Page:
The superblock pilot experience planned by the Madrid City Council for this fall will not take place in the Salamanca neighborhood, as advanced by the urban planner José María Ezquiaga, one of the experts appointed by the mayor, José Luis Martínez-Almeida, but in Los Berrocales , a neighborhood still under construction to the southeast of the capital that will inaugurate its first development in spring 2021.
Why has the city council chosen a new and isolated neighborhood on the outskirts of the city instead of an existing one, to experiment with an urban concept whose objective is to recover public space for pedestrians? According to José Luis Infanzón, general director of Public Space in Madrid, Los Berrocales has been chosen, where 22,000 new homes will be built, because “of the urbanization projects approved years ago and that paralyzed the crisis (such as Los Cerros or Valdecarros), it is the most advanced. ” On the other hand, Infanzón argues, it has the advantage that it will be organized in a grid, which facilitates the grouping of apples into larger units (superblocks). But he himself advances the main obstacle that has led from the Salamanca district, also designed in a grid, to another that does not yet exist on the outskirts of the city. “In the consolidated city there is usually a rejection of change”; “Removing parking is not easy, and you have to change the routes of the buses, which have been doing the same for years. In a new neighborhood it is different because almost everything can be done from the design,” he argues.
However, the urban planners consulted agree that the Los Berrocales plan does not serve to “experience the concept” of a superblock in the capital, as the council defines the project, but that it must be carried out in the existing city, progressively and, above all, “with great humility”, consulting each step with the neighbors and taking into account that the measures can be easily reversible if they do not work, as explained by the urban planner José María Ezquiaga.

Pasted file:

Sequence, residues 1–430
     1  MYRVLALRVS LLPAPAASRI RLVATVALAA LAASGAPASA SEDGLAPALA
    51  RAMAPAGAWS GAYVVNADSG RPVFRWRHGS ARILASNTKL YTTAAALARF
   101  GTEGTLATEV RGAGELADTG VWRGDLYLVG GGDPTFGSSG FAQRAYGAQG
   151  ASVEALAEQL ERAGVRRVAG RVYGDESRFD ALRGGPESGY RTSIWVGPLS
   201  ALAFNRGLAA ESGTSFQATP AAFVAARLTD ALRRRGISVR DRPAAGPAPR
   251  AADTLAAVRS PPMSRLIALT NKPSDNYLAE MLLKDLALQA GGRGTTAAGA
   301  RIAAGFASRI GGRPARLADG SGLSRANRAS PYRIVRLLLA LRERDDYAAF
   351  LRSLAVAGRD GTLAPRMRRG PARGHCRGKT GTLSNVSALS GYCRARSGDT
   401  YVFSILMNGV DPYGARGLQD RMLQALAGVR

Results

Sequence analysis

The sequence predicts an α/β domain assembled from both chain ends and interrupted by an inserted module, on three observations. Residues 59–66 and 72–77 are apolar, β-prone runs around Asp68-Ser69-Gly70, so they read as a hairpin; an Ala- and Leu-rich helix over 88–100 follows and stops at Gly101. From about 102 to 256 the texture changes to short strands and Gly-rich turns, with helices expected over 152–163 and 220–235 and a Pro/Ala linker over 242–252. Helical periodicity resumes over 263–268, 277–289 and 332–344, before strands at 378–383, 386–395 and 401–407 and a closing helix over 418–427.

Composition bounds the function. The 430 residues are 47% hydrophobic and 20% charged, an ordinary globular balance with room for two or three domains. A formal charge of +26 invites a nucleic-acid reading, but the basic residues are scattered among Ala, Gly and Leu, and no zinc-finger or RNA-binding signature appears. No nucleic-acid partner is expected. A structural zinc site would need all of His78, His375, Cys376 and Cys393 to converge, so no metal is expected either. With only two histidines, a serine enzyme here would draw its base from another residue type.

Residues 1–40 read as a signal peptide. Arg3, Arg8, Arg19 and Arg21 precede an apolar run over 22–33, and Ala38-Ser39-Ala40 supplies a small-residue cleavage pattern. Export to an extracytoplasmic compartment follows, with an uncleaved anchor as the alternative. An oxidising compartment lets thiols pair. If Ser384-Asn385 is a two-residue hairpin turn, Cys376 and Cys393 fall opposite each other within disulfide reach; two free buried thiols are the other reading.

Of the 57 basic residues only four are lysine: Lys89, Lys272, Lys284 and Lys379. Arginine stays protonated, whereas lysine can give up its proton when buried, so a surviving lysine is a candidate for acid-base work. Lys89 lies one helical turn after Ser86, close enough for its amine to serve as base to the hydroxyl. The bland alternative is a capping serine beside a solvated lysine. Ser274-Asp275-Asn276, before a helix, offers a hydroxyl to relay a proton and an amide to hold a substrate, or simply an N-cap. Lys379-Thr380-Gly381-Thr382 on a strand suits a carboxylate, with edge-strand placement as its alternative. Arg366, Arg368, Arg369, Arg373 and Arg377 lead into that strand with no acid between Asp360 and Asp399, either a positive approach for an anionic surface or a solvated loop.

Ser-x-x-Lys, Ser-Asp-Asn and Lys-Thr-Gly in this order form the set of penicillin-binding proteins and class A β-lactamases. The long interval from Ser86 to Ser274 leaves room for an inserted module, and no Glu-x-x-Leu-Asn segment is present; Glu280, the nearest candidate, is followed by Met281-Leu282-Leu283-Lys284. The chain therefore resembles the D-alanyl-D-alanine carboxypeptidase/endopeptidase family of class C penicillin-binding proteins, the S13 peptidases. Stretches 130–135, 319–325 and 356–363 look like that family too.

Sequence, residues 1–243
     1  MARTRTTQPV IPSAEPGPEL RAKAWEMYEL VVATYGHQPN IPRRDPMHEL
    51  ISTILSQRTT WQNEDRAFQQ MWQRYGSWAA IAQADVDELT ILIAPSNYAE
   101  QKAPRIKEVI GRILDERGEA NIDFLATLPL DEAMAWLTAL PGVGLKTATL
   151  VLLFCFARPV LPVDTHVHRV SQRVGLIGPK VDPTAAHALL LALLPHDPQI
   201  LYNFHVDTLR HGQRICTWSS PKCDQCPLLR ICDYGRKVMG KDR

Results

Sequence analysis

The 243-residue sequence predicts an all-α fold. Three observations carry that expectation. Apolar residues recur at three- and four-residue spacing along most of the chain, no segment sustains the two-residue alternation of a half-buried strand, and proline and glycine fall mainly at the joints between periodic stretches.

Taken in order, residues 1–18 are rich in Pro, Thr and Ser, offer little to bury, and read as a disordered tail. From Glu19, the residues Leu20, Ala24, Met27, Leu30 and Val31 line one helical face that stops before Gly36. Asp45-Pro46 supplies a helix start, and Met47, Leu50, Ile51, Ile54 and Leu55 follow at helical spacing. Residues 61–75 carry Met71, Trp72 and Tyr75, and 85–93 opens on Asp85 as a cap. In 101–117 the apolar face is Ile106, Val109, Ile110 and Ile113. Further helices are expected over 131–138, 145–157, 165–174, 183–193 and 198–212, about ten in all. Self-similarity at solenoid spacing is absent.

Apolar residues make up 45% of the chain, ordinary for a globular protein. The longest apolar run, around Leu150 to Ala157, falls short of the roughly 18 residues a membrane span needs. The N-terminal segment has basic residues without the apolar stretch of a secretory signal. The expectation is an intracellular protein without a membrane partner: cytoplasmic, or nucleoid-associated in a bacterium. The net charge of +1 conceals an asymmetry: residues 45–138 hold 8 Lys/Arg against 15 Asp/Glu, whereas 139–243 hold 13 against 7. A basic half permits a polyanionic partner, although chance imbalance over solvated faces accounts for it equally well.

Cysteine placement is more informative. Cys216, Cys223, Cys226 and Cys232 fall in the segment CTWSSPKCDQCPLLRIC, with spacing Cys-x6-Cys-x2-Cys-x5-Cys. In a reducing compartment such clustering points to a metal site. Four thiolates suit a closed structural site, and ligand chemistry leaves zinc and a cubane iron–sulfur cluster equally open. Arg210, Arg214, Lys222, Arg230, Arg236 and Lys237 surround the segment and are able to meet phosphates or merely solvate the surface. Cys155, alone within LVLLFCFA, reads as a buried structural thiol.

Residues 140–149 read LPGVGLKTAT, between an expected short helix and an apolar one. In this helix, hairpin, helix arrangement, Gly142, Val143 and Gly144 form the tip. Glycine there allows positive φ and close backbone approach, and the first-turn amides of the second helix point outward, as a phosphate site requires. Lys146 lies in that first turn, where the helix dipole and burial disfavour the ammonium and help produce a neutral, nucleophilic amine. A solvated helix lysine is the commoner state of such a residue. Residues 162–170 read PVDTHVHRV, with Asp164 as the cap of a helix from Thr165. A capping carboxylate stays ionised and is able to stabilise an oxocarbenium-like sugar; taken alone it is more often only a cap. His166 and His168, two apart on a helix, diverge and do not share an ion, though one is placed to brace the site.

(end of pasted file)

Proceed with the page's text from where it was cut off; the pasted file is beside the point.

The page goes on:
Together with Salvador Rueda and Juan Herreros, Ezquiaga designed the Madrid Centro Project, which intended to recover up to 70% of the public space in the streets of the central almond with the model of superblocks. His plan, drawn up for the Madrid City Council, was kept in a drawer. Until in July of this year, the Villa Agreements, approved by consensus among the five political groups of the municipal plenary session, rescued the idea.
It was about dividing the city into large cells (about 500×500 meters each) made up of 12 blocks of buildings and independent of each other, with their own facilities and local commerce. Only resident vehicles, along with pedestrians and bicycles, could circulate through its inner streets, while passing traffic and public transport would drift to the margins.
The objective is to improve urban quality, giving priority to pedestrians, reducing air pollution and noise pollution and favoring the “15-minute city” model, in which a citizen has the possibility to learn, work, rest and stock up on basic services within a radius of half a kilometer from home.
But in an area still uninhabited and without great possibilities for the neighborhood economy to prosper, because “the population density in new areas is too low for there to be trade on the ground floor of buildings,” Ezquiaga warns, this model it would fail to demonstrate the effectiveness of the measures these planners advocate for the city.
For his part, Salvador Rueda, author of the superblock launched in several central neighborhoods of Barcelona, judges that “to trust an approved project for urban development for a few years, and after the situation we are going through, it is not acceptable “. “You have to do it now in the city already built, not in the new one. In the new one, of course,” he ditch.
Although experts celebrate that Los Berrocales has been designed with these criteria of pedestrian priority, “because the superblock in itself makes sense” insofar as “it allows to have the urban quality conditions that everyone deserves”, Rueda reiterates that for Demonstrating that it works should be done in the inhabited city and also ideally not done in isolation. “The superblock model is not a single superblock, it is a network. Because when it is effective it allows aligning the entire perimeter of the superblocks and freeing up that public space.” He also proposes to apply it in urban fabrics of different morphology, and especially in spaces where there is a mixture of income. “This favors maintaining various activities that low incomes do not allow – precisely – because they do not have the ability to buy.”